I will protect your pensions. Nothing about your pension is going to change when I am governor. - Chris Christie, "An Open Letter to the Teachers of NJ" October, 2009

Friday, July 25, 2014

@GovChristie: Education Politics, Not Education Policy

Remember Chris Christie's big idea from this past winter? He was going to lengthen the school day and the school year. It was urgent that we do this immediately: "This is a key step to improve student outcomes and boost our competitiveness. We should do it now."

So, how's that going, Governor?
It was one of the centerpieces of Gov. Chris Christie’s State of the State address in January: a proposal to provide state help for schools to experiment with longer schooldays and years.

“Let’s face it, if my children are living under the same school calendar that I lived under, by definition, that school calendar is antiquated,” Christie said. “It’s antiquated both educationally and culturally for the world we live in." “Life in 2014 is much different than life 100 years ago, and it demands something more for our students,” he said. “It is time to lengthen both the school day and the school year in New Jersey.”
Six months later, both may have to wait. [emphasis mine]
A quick aside: as I have pointed out before, Chris Christie is a screaming hypocrite whenever he brings his own children into the debate about education. The Delbarton School -- an elite, high-spending private school where he sent his own sons -- takes a full three months off every summer. Of course, they then offer an extensive (and expensive) summer enrichment program, full of things like sports and SAT prep. I guess that's the sort of thing Christie thinks is "antiquated."

Getting back to John Mooney's piece in NJ Spotlight:

In the back and forth of the state budget hammered out this summer, Christie’s proposal for a $5 million “innovation fund” to help districts expand learning time was ultimately eliminated from the spending plan by the Democratic-led legislature.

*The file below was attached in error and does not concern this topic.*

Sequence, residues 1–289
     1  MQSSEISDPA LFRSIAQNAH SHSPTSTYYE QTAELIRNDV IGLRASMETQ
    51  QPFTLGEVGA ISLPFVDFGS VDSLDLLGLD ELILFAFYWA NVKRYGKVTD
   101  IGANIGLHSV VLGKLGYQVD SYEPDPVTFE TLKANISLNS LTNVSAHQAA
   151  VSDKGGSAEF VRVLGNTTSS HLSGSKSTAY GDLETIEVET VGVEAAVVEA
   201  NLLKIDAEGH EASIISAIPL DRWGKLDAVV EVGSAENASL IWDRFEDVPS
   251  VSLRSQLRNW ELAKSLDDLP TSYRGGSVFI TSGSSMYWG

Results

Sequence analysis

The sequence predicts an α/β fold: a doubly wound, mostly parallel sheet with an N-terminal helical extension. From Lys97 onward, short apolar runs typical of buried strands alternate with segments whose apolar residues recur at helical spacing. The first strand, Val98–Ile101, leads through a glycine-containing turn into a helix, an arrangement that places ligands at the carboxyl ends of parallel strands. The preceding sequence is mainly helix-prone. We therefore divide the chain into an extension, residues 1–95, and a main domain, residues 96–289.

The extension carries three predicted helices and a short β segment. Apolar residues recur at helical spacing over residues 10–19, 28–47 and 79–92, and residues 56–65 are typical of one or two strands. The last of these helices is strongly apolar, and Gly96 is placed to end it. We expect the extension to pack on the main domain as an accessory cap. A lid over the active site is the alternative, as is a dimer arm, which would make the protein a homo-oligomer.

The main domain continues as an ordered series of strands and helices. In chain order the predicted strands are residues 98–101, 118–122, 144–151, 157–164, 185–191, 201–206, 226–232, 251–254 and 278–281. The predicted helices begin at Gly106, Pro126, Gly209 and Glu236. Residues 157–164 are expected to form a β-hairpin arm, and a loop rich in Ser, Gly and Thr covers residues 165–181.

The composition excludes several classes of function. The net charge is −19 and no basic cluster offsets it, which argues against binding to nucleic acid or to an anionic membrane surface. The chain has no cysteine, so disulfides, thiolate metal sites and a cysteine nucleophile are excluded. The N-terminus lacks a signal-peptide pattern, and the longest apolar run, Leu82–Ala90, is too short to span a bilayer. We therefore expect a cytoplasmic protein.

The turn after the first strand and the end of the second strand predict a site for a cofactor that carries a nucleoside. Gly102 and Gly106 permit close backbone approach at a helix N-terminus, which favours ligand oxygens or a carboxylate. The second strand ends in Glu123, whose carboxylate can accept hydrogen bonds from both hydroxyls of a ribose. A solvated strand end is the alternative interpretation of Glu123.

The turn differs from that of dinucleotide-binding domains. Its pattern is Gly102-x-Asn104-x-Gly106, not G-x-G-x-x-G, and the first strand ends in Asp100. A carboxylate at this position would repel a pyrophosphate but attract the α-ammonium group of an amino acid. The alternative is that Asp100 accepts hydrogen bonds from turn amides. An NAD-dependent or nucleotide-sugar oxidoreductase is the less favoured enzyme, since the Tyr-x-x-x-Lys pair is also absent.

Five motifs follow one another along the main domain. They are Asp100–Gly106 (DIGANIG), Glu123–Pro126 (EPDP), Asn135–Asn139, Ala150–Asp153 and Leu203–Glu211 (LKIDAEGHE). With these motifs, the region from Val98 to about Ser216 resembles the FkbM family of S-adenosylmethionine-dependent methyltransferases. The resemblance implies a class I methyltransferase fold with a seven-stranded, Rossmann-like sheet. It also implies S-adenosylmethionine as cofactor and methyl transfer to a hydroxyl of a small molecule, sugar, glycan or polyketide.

There wasn’t much explanation, other than Democrats’ plans to instead put $2.5 million into grants to help districts implement initiatives already in place, including new teacher evaluation. The other $2.5 million went to balancing the budget as a whole.
But the cut has left the Christie administration looking for alternative resources to fund what the governor made a signature initiative, at least for this year.
“We are currently working to identify other funding sources that could be used for a pilot program,” said Michael Yaple, communications director for the state education department.
“Our goal will be to reprioritize either state or federal funds for a grant program to encourage school districts to implement innovative approaches that lead to more instruction time,” he said. “It would be less funding than we initially envisioned, but we believe we can still create a meaningful program nonetheless.”
That is, of course, utterly absurd. $5 million is next to nothing in a $33 billion budget, and the idea that it could fund a meaningful "pilot" program is beyond laughable.

You don't need a test program to know the funding problems inherent in lengthening the school day or school year. People need to be paid to work longer hours: charter schools do it (and make up the difference by largely restricting hiring to young, inexperienced teachers -- which they can get away with because they don't serve the same student populations as the public schools that feed them).